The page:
“On a small island, on the west coast of the southern part of Haida Gwaii is the old village site of SGang Gwaay. On one end there is a small group of old poles that were partially burned some years ago. Over time the damage, rain and wind have changed the original carving into something not recognizable in the traditional way. They are not part of the park reserve visitors’ tour. Having lived on the islands for six years and returned a number of times, these poles have drawn me time and time again.”
Karel Doruyter wasn’t always fascinated with death. But after spending time among Haida Gwaii’s disintegrating totem poles, working for an arctic expedition, and a series of deaths in his family, the Genocide Series began to emerge. This intense, emotional project was as much a surprise to Doruyter as it is to the people who see it fully completed.
“It’s going to challenge the viewer,” says Wendy Wacko, curator of Mountain Galleries, which worked with the Jasper-Yellowhead Museum & Archives to bring Doruyter’s exhibition to Jasper.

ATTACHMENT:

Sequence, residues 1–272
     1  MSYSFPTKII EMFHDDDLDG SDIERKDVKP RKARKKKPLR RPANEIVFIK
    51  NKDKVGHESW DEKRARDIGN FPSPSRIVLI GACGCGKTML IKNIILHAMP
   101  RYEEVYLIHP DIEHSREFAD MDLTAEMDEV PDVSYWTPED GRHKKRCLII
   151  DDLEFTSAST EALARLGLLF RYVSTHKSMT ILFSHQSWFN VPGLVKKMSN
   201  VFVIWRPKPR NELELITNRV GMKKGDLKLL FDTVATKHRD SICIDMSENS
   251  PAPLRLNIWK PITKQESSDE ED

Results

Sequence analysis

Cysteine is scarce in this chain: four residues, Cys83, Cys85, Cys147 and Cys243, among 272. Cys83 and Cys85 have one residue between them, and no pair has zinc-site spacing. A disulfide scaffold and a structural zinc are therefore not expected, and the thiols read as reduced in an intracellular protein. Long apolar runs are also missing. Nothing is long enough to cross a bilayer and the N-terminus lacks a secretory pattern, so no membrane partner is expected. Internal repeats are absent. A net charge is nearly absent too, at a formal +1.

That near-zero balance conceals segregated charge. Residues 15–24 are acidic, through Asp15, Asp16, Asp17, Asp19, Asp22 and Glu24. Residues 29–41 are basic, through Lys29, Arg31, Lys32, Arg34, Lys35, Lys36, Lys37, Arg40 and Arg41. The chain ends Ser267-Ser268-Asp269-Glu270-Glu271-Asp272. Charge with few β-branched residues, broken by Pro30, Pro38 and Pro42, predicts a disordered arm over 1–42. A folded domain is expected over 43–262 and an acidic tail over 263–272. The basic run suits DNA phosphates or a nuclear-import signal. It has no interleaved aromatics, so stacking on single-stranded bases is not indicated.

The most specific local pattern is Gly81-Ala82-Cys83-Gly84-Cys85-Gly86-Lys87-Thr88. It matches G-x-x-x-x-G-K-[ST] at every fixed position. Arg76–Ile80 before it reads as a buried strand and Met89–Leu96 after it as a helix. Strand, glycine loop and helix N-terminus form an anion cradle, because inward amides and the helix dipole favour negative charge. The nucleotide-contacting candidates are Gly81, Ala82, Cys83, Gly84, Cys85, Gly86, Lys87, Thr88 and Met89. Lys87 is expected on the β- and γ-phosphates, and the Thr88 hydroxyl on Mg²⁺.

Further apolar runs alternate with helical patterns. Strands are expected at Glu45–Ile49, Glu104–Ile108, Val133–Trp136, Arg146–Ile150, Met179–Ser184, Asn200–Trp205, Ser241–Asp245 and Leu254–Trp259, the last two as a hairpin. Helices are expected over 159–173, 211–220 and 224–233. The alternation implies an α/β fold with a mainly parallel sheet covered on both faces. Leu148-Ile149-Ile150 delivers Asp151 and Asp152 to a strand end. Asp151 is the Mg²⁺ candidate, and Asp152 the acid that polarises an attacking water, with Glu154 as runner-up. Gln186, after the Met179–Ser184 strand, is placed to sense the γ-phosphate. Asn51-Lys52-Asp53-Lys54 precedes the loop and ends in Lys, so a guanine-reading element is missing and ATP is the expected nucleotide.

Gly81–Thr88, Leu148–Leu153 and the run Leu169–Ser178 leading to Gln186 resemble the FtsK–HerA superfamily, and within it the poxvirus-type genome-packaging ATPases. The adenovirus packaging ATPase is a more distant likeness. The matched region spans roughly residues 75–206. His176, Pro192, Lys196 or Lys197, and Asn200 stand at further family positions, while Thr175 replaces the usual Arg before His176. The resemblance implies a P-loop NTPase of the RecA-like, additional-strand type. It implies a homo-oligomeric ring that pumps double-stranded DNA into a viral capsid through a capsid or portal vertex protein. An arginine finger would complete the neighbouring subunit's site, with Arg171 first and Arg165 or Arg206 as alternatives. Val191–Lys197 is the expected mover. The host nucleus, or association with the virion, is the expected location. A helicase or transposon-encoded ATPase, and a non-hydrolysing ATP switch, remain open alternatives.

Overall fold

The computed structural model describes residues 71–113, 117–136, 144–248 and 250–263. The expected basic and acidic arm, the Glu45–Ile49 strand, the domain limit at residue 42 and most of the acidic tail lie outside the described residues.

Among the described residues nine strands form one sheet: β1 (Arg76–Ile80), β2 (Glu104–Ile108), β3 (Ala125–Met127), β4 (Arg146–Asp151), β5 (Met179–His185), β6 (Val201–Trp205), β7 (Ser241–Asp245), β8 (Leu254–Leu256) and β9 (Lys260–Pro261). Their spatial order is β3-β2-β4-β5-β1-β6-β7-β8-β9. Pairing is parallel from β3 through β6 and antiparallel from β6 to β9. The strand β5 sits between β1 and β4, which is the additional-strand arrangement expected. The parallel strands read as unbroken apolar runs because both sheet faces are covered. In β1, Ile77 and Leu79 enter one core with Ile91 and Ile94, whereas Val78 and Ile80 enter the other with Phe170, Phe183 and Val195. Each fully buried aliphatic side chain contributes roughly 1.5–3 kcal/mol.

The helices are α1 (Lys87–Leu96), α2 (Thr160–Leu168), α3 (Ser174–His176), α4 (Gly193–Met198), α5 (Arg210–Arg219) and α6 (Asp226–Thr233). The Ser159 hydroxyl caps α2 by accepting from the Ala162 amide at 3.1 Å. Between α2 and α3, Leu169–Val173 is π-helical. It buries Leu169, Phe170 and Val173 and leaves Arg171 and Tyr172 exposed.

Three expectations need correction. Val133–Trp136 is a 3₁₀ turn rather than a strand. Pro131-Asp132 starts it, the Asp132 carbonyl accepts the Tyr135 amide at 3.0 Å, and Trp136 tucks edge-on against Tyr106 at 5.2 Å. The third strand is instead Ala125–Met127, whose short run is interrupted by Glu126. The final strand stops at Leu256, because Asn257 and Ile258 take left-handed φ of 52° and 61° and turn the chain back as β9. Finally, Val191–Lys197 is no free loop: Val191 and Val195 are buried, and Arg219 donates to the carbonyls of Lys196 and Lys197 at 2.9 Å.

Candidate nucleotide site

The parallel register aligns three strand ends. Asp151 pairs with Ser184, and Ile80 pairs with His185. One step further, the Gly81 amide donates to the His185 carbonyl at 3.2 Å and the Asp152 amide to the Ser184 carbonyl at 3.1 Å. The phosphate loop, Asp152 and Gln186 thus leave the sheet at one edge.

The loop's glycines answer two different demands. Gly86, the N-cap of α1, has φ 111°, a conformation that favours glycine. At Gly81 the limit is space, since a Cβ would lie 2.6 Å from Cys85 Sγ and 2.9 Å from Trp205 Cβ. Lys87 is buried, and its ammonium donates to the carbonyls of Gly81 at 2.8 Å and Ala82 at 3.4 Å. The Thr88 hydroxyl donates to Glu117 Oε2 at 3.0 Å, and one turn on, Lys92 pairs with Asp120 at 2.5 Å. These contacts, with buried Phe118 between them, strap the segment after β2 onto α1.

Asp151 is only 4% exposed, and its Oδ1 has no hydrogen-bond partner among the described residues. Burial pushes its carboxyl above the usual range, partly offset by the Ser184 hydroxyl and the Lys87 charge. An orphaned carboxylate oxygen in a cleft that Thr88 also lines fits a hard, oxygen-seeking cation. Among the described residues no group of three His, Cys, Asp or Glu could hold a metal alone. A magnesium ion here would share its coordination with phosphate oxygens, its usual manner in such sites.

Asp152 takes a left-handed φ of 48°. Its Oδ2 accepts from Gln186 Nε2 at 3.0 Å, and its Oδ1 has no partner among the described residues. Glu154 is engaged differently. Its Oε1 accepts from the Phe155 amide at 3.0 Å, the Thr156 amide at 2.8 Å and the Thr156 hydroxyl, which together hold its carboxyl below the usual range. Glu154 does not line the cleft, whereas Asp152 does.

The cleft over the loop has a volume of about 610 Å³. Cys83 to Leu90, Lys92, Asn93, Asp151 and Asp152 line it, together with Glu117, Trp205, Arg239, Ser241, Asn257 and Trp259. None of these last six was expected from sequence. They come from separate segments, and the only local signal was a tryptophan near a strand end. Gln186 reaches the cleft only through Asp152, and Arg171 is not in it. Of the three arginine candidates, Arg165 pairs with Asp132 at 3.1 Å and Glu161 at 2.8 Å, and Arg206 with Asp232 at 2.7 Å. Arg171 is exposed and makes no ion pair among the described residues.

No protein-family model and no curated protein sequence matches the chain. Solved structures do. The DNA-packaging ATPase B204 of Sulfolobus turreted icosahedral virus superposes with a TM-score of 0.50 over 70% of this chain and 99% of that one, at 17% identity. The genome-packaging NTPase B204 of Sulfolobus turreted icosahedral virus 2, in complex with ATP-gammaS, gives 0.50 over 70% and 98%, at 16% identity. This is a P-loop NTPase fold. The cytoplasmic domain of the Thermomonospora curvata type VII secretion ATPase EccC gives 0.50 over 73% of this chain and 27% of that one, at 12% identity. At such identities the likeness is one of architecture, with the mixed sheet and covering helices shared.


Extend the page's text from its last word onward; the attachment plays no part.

“What is genocide, what does it mean to you? The exhibition takes you from the light to the dark and back again.”
The cultural link that connects Jasper and Haida Gwaii is subtle but strong. Since 1915, Jasper’s downtown has been anchored by a totem pole carved in Haida Gwaii. First it was the Raven Totem, which stood next to the railway station until 2009 when it deteriorated and was returned to its birthplace. The next (and present) Haida totem pole commissioned for Jasper tells the story of two brothers from Haida Gwaii who traveled to the Rocky Mountains.
“Jasper’s Two Brothers totem, born on that landscape, connects us to Haida Gwaii and signifies our position as Gateway to the Northwest,” writes Warren Waxer a former president of the museum. “[Doruyter’s] paintings require us to look at totems from a different perspective.”
Painted in an impressionistic realism style, the exhibit encompasses 30 pieces. Although they’re not massive in size, these paintings carry a big message. Visit the Jasper-Yellowhead Museum & Archives during the month of June to see them in person.